Eating Buckwheat May Help Us Live Longer
Research Shows Buckwheat’s Potential for Increasing Longevity

by BC Farms & Food  -  Permalink
August 24, 2021

buckwheat groats, flakes and crackers. Eating buckwheat may help us live longer.

Buckwheat groats (left), flakes, and crackers. Research shows eating buckwheat can increase production of a protein that reduces chronic inflammation and may promote longevity.

Eating buckwheat can help improve SIRT1 protein production, which can increase your life span. Researchers, writing in the Journal of Cereal Science, showed that buckwheat in the diet stimulates the production of SIRT1 which reduces chronic inflammation and protects body cells. Both are key steps to extending the human lifespan by preventing chronic diseases such as heart conditions and cancer.
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Salad Greens You Can Grow in Winter
A Guide to Planting and Harvesting Winter Salad Greens

by BC Farms & Food  -  Permalink
July 24, 2021

Want to eat fresh lettuce and salad greens this winter?  Late summer to early fall is the time to plant your winter garden.

Spinach grows well throughout the winter when protected in a cold frame or tunnel. Low winter light slows the growth. Young tender spinach leaves have an earthy flavour that pairs well with fruit in fresh salads.
Lettuce thrives well into winter in a cold frame or hoop house. Choose cold-hardy varieties such as Romaine or Cos, Buttercrunch or Bibb, and loose leaf lettuces.  Harvest as baby greens for crisp, mild salads. Grows slowly in low winter light.
Mâche (Corn Salad,  Lamb’s Lettuce) germinates best when overnight temperatures are below 10ºC / 50ºF. Low-growing, with a small rosette of delicate leaves, mâche has a mild, refreshing flavour. Cut the entire plant and serve intact. Easily bruised.
Claytonia (Miner’s Lettuce, Winter Purslane) is a cold-hardy West Coast native. Its succulent leaves and stems make it a top choice for salads. Cut the stems, leaving at least 5 cm (2 inches), and the leaves will grow back.
Arugula (Rocket) grows quickly with frost protection in the low light of winter. This tender green has a distinctive sharp flavour, which is milder during cold weather. Use arugula to add bite to fresh salads, or as a pizza topping.
Radicchio, such as the Treviso variety (above), thrives in cool weather and tolerates light frost. The bitter leaves of this chicory become mellower in cold temperatures. Radicchio's pungent taste goes well with balsamic vinegar.
Endive (above), frisée, and escarole grow easily during cooler months. Frisée has distinctive narrow, finely pointed leaves. Escarole has broad, rounded leaves. These chicories taste mildly bitter and add accent to salad.
Red Mustard greens, with their striking green and red leaves, grow well in winter. Frost deepens the flavour and colour. Tender when young, the peppery taste of this cold-hardy brassica sharpens as it matures. Eat fresh in salads, or stir fry.
Baby Bok Choi and Tatsoi are small-size relatives of broccoli, collards, and kale, which also grow in winter. These frost tolerant cabbage-like vegetables have thick crunchy ribs and tasty leaves. Bok choi grows upright; tatsoi forms a rosette.
Mizuna, an Asian green with distinctive jagged leaves and a pungent flavour, grows quickly in cool weather. Mizuna has a peppery taste that adds spice to stir-fries and soups. The small pointed leaves of mizuna bring texture to fresh salads.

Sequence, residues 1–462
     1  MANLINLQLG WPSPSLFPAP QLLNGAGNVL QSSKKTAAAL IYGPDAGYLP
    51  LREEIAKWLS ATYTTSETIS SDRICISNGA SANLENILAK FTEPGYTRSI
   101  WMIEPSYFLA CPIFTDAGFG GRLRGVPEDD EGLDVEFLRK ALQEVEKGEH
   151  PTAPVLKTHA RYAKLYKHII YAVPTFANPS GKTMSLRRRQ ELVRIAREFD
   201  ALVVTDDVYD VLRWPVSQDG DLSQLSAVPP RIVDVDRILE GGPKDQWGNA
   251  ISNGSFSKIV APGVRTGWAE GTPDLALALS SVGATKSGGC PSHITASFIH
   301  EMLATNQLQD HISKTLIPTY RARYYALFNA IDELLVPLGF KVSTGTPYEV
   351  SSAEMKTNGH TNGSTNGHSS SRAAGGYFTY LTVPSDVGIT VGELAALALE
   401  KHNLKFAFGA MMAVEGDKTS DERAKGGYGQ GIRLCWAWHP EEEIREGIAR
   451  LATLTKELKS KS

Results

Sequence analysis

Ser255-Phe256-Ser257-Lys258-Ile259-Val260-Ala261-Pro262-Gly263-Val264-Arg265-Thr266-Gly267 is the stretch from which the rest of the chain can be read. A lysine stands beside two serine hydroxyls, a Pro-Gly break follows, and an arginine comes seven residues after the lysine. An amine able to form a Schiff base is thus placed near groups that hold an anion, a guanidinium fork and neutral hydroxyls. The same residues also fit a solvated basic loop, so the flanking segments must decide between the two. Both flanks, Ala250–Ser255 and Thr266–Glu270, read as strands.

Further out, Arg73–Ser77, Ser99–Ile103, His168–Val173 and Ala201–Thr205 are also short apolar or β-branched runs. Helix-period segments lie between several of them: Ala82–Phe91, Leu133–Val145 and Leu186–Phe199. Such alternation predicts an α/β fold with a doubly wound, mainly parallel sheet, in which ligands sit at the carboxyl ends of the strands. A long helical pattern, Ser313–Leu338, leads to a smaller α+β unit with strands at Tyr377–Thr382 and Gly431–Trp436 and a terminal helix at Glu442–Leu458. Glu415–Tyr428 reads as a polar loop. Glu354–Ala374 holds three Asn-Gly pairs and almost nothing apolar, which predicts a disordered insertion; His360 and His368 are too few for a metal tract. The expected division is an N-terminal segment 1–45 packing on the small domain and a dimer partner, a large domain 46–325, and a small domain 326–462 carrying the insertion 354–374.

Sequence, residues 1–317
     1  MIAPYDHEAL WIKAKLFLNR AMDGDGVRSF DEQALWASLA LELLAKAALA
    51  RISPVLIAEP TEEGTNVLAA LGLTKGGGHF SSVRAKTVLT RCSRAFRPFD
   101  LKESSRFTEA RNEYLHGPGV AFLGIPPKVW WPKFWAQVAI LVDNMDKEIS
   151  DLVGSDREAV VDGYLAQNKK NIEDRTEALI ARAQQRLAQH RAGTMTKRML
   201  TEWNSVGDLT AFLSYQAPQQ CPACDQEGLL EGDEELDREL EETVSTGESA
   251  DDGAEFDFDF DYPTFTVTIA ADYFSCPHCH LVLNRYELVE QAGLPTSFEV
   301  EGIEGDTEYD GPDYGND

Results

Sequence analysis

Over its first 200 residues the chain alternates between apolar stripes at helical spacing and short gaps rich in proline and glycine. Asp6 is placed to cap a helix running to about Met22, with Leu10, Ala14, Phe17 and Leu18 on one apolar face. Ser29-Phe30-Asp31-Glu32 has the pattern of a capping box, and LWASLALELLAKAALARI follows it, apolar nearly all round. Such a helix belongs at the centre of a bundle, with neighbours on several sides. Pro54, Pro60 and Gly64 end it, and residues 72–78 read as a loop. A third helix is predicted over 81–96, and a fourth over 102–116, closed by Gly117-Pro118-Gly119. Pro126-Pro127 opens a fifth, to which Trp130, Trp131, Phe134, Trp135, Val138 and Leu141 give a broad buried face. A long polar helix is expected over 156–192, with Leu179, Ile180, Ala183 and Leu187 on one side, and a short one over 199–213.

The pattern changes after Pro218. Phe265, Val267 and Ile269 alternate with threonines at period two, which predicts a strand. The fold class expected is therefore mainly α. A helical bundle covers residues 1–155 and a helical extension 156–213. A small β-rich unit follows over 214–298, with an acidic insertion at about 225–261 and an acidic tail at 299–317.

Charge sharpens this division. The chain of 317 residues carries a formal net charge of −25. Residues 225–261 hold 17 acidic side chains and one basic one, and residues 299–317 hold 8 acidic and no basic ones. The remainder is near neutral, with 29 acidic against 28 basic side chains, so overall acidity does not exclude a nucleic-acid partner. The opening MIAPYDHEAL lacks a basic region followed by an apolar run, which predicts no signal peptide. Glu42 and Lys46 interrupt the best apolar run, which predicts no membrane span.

Baby Beet Greens, the leaves of immature beet roots, like cool temperatures and tolerate light frost. Clip only a couple of leaves from each plant to allow the root to continue to grow. These tender, slightly bitter greens add vibrant colour to salads.
Spinach grows well throughout the winter when protected in a cold frame or tunnel. Low winter light slows the growth. Young tender spinach leaves have an earthy flavour that pairs well with fruit in fresh salads.

If you like fresh garden salads, you’ll be glad to know you can grow a full range of salad greens throughout the winter in our moderate southern BC maritime climate. Leafy winter salad vegetables come in a variety of flavours, colours and textures—from peppery to earthy, crunchy to delicate.
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Cucumber Dill Salad

by BC Farms & Food  -  Permalink
June 21, 2021


To me, this salad is like a taste of summer. There’s something more to it than its simple ingredients might suggest. Cucumber, fresh dill, and garlic, the bite of vinaigrette, and a touch of sugar meld together into a salad that is pleasingly pungent and slightly sweet.

I make this Cucumber Dill Salad recipe over and over again during cucumber season. I think you will too!

Cucumber Dill Salad

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How to Have Ripe Local Tomatoes All Year
Enjoy Fresh Tomatoes Year-Round without Processing or Freezing

by BC Farms & Food  -  Permalink
May 23, 2021

ripe tomatoes all yearIt’s becoming possible to eat ripe local tomatoes year-round in South Coast, BC. Through the use of season extension in the garden, careful choice of tomato varieties, and planned buying and storage, you can access a supply of fresh tomatoes throughout most of the year.

Whether you plant your own or simply buy local, here’s how:
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Is Organic Food Better for You?
Study Outlines Benefits of Eating Organic Foods

by BC Farms & Food  -  Permalink
April 23, 2021

Is eating organic food worth the price? Does it have more nutrition than conventional food? A landmark study from Newcastle University helps inform consumers.

Platter of fresh organic cherries, raspberries, strawberries, grapes and blueberries. Is Organic Food Better for You?


No surprise, but good news. A comprehensive study from Newcastle University in Great Britain confirms that organic food is better for you and the world. Using meta analysis, an advanced statistical technique, the international science team reviewed 343 individual food studies and found that organic crops contain significantly more healthy antioxidants and have dramatically lower pesticide levels than conventionally grown crops.
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Protect your Plants from Heat, Cold, Wind and Rain
Creating Microclimates to Make Your Garden Resilient

by BC Farms & Food  -  Permalink
March 21, 2021